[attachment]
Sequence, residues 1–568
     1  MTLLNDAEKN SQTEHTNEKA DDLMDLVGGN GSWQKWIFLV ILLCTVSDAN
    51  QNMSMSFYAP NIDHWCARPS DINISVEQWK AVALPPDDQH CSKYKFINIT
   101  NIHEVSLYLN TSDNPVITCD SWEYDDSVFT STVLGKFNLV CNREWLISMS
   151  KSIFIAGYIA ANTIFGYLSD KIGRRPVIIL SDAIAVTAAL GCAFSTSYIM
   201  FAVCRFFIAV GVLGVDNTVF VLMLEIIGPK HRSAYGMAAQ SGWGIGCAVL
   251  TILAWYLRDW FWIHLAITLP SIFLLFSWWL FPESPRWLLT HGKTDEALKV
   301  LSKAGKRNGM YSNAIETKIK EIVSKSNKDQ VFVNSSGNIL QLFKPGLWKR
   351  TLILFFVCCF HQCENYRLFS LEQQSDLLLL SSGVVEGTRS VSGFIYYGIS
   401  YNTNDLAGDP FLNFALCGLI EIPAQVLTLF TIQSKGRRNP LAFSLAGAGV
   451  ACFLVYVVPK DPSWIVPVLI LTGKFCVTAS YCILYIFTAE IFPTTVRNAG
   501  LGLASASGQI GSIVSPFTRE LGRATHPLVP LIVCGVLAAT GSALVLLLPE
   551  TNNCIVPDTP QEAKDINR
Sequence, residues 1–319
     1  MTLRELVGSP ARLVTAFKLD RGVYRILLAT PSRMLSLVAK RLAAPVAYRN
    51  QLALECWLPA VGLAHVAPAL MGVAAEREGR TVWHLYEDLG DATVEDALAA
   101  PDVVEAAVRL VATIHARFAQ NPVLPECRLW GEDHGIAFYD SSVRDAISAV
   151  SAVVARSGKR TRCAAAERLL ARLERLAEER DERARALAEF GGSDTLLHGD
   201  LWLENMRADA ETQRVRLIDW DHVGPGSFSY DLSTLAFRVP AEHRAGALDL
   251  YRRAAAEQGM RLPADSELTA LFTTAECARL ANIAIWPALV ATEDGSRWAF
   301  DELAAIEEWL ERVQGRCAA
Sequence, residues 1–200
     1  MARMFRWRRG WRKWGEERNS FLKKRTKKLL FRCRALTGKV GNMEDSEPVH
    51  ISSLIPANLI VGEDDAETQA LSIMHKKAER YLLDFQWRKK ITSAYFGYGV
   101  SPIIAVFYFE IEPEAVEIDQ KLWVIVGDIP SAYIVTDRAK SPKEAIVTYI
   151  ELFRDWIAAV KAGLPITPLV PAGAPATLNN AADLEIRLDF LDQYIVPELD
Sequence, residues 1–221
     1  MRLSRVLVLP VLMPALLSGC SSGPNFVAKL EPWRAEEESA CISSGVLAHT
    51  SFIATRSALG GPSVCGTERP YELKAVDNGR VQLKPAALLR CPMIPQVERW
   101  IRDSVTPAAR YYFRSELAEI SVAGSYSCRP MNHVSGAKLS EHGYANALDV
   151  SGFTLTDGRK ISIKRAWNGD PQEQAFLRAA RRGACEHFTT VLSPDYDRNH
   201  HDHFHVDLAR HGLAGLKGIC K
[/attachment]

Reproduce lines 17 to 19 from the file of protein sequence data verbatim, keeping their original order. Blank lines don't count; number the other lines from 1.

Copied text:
   101  PDVVEAAVRL VATIHARFAQ NPVLPECRLW GEDHGIAFYD SSVRDAISAV
   151  SAVVARSGKR TRCAAAERLL ARLERLAEER DERARALAEF GGSDTLLHGD
   201  LWLENMRADA ETQRVRLIDW DHVGPGSFSY DLSTLAFRVP AEHRAGALDL